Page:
The names Muruku, Cey and Vel are the base forms used as such to denote Murukan:
Then the names took the form of base + suffix, viz:
Muruku + an = Murukan
where the suffixes, on and, an are allomorphs that denote masculine singular noun. The name Netiyon is formed from the adjective netumai (i. e. greatness) and the suffix, on. The base form Vēl was given prefixes which explain the nature of Murukan.
am + vēl -> Avvēl (am = beautiful)
In Cilappatikaram the way of addressing Murukan took a different direction while framing Cevvel from two base forms. Cey + Vēl, > Cevvēl. Likewise, the way of addressing Murukan took a different dimension when the mythology of the birth of Murukan as one outspring from six persons came into vogue (4.1). In the name Arumukaccevvēl found in Cilappatikaram, the new direction and dimension seem to mingle with each other.
2.0. Places of worship and the holy images enshrined:
2.1.0. There were two types of temples for Murukan:
2.1.1. When the festival for Lord Indra began, the drum from the Vaccirakkottam was carried on an elephant in procession. In the Airavatakkottam a festival pillar was erected. In the Karpakattarukkottam a flag was hoisted to indicate the start of the festival. Lord Indra was given a holy bath. So there were vedic mantras chanted and the holy fire lit as per the vedic tradition in the Civan koyil, Bālarāman koyil, Tirumal koyil, Vacavan koyil, and Arumukaccevvel anitikal koyil (1.1.4). It means that Lord Murukan was enshrined beautifully with six faces in that koyil.
Malati was a midwife. While she was feeding a brahmin child, the child died due to hiccups. Malati was scared to face the brahmin and his wife. So she took the corpse of the baby in her hands and went to Amarar Tarukkottam, Velyanaikkottam, Nilakkottam, Uccikkilan kottam, Urkkottam, Velkottam, Purampanaiyan Val kottam, Nikkantakkottam, Vaccirakkottam, and Pacantaccattan kottam. She prayed to all the gods to give life to the dead child. All the temples visited by her were kottams and Vel kottam is one among them.32 It should be the temple where Vel the weapon of Murukan was enshrined and worshipped. Drums were beaten and conch (kolicceval = cock; kotiyon=He who holds the flag) was blown announcing the sunrise in koliccevar kotiyon kottam at Madurai (1.1.6). Murukan enshrined in the kottam is called Kolicceval Kotiyon.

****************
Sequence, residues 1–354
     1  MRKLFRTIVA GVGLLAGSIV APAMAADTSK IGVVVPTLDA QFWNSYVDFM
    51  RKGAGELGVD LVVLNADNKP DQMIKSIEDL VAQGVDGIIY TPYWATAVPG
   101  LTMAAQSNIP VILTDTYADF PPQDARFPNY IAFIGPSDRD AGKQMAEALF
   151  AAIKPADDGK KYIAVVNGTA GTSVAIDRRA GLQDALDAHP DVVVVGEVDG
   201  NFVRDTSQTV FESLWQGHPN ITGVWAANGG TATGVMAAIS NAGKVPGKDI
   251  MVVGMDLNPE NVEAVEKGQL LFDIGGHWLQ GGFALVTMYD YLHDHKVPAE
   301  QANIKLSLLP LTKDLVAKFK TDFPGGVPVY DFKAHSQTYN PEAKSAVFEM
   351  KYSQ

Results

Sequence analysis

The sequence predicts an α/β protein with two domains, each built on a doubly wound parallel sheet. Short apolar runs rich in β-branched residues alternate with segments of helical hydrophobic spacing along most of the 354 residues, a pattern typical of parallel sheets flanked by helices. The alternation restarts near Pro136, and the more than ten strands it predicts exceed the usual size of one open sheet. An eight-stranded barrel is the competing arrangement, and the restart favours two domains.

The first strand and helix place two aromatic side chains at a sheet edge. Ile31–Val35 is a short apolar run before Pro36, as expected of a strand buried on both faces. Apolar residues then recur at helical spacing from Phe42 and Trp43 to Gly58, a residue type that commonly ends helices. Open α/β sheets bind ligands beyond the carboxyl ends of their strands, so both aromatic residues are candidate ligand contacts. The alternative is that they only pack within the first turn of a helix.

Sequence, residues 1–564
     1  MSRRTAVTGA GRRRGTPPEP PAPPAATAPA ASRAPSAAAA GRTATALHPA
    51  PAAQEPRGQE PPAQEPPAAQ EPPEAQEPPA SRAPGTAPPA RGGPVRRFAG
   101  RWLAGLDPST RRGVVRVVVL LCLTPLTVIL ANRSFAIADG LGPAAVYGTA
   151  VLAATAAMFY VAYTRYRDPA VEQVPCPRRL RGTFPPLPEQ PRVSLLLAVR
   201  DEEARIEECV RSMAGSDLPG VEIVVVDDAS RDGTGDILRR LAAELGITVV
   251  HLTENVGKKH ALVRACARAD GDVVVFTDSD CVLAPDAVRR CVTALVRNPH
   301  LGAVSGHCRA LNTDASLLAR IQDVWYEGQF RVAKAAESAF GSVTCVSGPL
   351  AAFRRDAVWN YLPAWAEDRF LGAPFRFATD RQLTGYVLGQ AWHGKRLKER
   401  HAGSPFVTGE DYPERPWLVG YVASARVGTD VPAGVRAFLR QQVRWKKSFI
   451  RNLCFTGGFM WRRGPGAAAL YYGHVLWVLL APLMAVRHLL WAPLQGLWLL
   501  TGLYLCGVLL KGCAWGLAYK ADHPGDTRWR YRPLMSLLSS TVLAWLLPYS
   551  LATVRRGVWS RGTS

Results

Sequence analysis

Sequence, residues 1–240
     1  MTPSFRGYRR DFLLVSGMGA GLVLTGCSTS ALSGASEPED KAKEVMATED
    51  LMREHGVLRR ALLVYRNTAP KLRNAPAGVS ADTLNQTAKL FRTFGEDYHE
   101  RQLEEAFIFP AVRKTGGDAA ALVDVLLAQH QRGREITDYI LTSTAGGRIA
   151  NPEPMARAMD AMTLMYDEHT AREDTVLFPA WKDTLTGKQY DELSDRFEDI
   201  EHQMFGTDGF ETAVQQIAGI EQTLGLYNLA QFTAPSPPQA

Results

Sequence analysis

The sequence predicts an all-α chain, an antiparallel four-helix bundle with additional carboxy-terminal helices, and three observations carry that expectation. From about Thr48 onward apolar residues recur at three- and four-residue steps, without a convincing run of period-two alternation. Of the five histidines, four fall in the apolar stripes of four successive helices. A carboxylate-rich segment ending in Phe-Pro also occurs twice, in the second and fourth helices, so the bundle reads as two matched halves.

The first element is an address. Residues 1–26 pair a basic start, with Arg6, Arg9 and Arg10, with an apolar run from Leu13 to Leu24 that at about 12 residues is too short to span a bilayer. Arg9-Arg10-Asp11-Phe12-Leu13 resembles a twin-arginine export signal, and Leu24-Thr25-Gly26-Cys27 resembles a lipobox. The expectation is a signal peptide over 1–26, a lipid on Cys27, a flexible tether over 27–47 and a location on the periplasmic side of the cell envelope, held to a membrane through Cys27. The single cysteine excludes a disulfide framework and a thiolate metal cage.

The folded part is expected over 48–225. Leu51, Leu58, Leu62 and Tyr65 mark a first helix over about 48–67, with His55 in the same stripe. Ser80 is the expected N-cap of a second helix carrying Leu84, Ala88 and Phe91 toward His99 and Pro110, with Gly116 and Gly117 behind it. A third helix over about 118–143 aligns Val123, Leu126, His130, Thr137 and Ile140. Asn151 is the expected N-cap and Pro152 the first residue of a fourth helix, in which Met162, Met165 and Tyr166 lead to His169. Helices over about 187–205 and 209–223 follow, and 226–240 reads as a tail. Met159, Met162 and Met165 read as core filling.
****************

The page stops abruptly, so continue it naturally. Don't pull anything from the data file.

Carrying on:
2.1.2. A Murukan kottam is referred in pura. also.33 Though the terms kōyil and kottam are not found in Tirumurukārruppatai; the differences between those two types of the temples are mentioned. Nakkirar the author of Tirumurukārruppatai, lists the temples of Murukan temples at Parankunram, Alaivay, Avinankuti, and Erakam. The explanation given for the temple at Alaivay clearly states that one of the faces of Murukan was watching the velvi (i. e. the sacrifice done through fire chanting mantras) performed by the brahmins as per the vedic traditions.34
The explanation given for Avinankuti also has a hint of velvi. Intiran who had finished hundred velvis visited the temple at Avinankuti to worship Murukan. This means that the temple of Avinankuti also gives place to the vedic way of worship. All the thirty-three crores of devas came to Avinankuti to worship Murukan.35 They are considered as followers of the vedic cult. The temple at Erakam is specified as the place where brahmins who follow the practice of sacrifice through fire came to worship.36 So these three temples should be considered as koyils as per the explanation given by Cilappatikaram.
Tirumurukārruppatai mentions hillocks sacred to Murukan, each town where festivals for Murukan were celebrated, places where veriyattu was performed, including forests, gardens, lagoons, banks of rivers, lakes, junctions of either three, four, or five roads, the blossoming katampu tree, town halls, trees amidst town halls, symbolic pillars for worship and other nakars as the places of worship of Murukan.37 This long list of places of worship is worthy to be categorised as kottams. So there are both kottams and koyils for Murukan in Tamilnad during the period of Cilappatikaram.
2.2.0. It was beleived that Murukan dwelt in the flowering katampu tree that blossoms in the rainy season. There was also the practice of garlanding Murukan with katampu flowers. References to Murukan associated with the flowers of katampu are already dealt in this paper (1.1.5 & 1.1.6). Alar katampan is a similar phrase found in both Cilappatikaram and Manimekalai.38 Details about Murukan associated with the katampu tree are found in many Cankam anthologies and idylls.39 There was the practice of garlanding the katampu tree and worshipping it as Murukan.40 The flowers were then worn by the vēlan who performed the ritual veriyattu.41